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Leading Figures

Gebhard, Gustav

Biographical data:
18.08.1828 in Elberfeld - 06.05.1900 in Berlin


Institution:
Deutsche Bank


Functions:
Member of the Administrative Board 1870-1900




Goldschmidt, Meyer

Biographical data:
14.05.1818 in Danzig - 1884 in Berlin


Institution:
Disconto-Gesellschaft


Functions:
Joint Proprietor 1864-1868




Gröning, Fritz

Biographical data:
28.03.1902 in Berlin - 16.09.1978 in Düsseldorf


Institution:
Deutsche Bank


Functions:
Member of the Management Board 1953-1968




Guth, Wilfried

Biographical data:
08.07.1919 in Erlangen - 15.05.2009 in Königstein


Institution:
Deutsche Bank


Functions:
Member of the Management Board 1968-1985 (Spokesman 1976-1985), Chairman of the Supervisory Board 1985-1990




Gwinner, Arthur von

Biographical data:
06.04.1856 in Frankfurt am Main - 29.12.1931 in Berlin


Institution:
Deutsche Bank


Functions:
Member of the Management Board 1894-1919 (Spokesman 1910-1919)




Arthur von Gwinner came from a well-known family of Frankfurt lawyers. His father was executor of the estate of Arthur Schopenhauer, and his grandfather held the office of Senior Lord Mayor of Frankfurt. Following a banking apprenticeship with Mitteldeutsche Creditbank in Frankfurt am Main, he worked for a decade abroad (England, France, and Spain), where he acquired extensive knowledge of the international banking business. In 1888, he acquired the Berlin-based Bankhaus Riess & Itzinger, which he continued to operate under his own name but liquidated in 1894, when he was appointed member of the Board of Managing Directors of Deutsche Bank. In this capacity, Gwinner was primarily responsible for international operations and worked closely together with Georg von Siemens. An indication of how small the bank still was a quarter of a century after its foundation was that the two men still had desks facing each other, seeing as not every member of the Board of Managing Directors had his own room at that time. Siemens left the Board of Managing Directors at the end of the year 1900, and Gwinner took over his tasks, primarily relating to the major international transactions such as the Baghdad Railway and the railway financing in North America. The sale and restructuring of the Romanian crude oil company "Steaua Romana" marked the start of the establishment of the "oil group" at Deutsche Bank in the year 1903, an area for which Gwinner was also responsible. His name is also closely connected with the development of foreign business in the electrical industry, primarily with the foreign commitments of AEG and Siemens as well as their holding companies. Both the Baghdad Railway and the oil businesses of Deutsche Bank were economic and political undertakings that called for a great deal of diplomatic talent. In this context, Gwinner acquired a reputation as "the bank's diplomat", a responsibility for which he was especially suited by virtue of his cosmopolitan character and his excellent language skills. Although Rudolph von Koch initially held the Spokesman's position starting in 1901 - due to the seniority principle - Gwinner was considered to be Siemens' successor both internally as well as in the public eye when it came to the management of the bank and in his capacity as the executor of major foreign projects. The first fifty years of Deutsche Bank were decisively influenced by Siemens and Gwinner; both of whom were guarantors for the continuity of the company's development. January 1910, the Kaiser appointed Gwinner - for his services in the Ottoman Empire - member of the Prussian House of Lords, that is the "upper house" of parliament. This is where Gwinner held a famous speech in 1910 in which he criticized the budgeting as well as the deficit economy of the Prussian Finance Ministry, damaging to the government's credit. His famous remark during the debate: "Everything takes talent, but borrowing requires genius!" later became a frequently heard saying in Berlin. It was part of Deutsche Bank's "style", also maintained by von Gwinner, that the Spokesman of the Board of Managing Directors did not have any outstanding title. Gwinner therefore wrote to the "Berliner Tageblatt" on May 3, 1913 - "Confidentially and not for publication": "In reference to your report yesterday on the Bergmann annual general meeting, I politely request that you do not call me general director. Deutsche Bank has never had one and, as long as I am a member of the Board of Managing Directors, never will. Our Articles of Association are democratic." In 1919, Gwinner left the Board of Managing Directors and became member of the bank's Supervisory Board, functioning as its Deputy Chairman from 1923 until his death in 1931. In 1917 he donated 300,000 marks to benefit bank employees, which was used to establish a recreation home in the "Kraehenberg" section of Caputh, near Potsdam. In addition to banking, Gwinner's wide range of interests included, above all, mineralogy and botany.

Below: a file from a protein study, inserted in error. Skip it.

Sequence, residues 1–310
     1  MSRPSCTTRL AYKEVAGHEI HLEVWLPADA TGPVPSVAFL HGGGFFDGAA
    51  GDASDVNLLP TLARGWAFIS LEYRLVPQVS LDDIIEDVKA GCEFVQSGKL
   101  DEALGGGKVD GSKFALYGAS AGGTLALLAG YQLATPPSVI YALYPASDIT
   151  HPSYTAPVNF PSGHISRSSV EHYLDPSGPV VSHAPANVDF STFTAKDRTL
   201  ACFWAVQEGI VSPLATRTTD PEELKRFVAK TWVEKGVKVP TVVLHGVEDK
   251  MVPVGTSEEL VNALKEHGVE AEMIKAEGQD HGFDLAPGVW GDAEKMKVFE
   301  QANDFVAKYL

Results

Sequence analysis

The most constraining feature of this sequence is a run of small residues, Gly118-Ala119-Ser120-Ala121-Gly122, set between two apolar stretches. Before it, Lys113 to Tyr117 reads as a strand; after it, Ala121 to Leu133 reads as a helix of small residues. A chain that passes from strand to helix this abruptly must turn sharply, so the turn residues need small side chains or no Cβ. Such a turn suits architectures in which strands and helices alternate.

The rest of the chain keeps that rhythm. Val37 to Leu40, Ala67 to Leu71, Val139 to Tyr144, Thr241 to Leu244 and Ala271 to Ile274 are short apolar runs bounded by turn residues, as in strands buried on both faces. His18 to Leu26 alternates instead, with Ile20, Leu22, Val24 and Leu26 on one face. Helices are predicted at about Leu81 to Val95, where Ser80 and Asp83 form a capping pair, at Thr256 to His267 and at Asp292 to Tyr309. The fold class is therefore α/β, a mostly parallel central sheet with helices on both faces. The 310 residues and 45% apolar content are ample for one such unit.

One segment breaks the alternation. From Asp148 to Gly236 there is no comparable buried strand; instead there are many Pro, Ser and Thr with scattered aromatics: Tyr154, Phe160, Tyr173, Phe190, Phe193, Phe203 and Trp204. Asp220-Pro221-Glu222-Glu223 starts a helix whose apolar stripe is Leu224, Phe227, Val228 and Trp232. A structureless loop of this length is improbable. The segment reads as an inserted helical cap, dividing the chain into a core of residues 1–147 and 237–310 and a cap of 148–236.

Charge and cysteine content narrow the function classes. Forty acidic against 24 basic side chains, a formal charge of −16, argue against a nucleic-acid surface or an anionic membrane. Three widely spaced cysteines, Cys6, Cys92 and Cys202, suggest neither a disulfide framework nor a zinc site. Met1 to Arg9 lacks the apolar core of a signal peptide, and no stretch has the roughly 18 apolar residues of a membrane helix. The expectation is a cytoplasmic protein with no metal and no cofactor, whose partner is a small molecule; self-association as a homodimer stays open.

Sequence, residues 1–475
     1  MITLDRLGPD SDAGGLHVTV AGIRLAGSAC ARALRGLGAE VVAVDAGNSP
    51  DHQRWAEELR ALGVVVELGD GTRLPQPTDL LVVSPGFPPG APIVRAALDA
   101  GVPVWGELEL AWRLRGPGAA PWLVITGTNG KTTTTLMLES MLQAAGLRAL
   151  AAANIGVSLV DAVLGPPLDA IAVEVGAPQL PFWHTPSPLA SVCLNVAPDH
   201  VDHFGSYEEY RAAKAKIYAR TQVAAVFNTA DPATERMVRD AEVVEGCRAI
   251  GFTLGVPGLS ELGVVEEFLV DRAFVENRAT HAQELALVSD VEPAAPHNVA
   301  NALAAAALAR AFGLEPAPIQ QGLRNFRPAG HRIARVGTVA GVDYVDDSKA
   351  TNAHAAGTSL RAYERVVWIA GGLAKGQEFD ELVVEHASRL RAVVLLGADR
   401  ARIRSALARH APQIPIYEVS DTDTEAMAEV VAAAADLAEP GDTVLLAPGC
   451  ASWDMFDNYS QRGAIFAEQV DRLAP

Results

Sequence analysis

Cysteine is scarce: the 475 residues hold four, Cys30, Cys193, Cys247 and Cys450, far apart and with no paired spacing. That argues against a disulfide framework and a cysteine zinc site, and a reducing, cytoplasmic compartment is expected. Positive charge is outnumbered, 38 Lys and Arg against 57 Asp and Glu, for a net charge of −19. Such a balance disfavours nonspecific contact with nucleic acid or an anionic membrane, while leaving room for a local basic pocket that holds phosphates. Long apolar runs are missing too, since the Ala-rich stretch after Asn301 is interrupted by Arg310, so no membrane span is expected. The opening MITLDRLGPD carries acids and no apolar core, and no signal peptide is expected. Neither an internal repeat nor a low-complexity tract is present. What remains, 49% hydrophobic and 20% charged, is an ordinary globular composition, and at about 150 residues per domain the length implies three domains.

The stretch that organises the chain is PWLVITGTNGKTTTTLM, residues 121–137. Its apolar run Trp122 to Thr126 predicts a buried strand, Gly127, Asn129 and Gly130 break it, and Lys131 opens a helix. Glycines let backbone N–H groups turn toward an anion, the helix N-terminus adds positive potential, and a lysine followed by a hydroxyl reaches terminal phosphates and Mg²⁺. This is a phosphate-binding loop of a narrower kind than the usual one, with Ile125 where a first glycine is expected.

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Last Update: 18.12.2018
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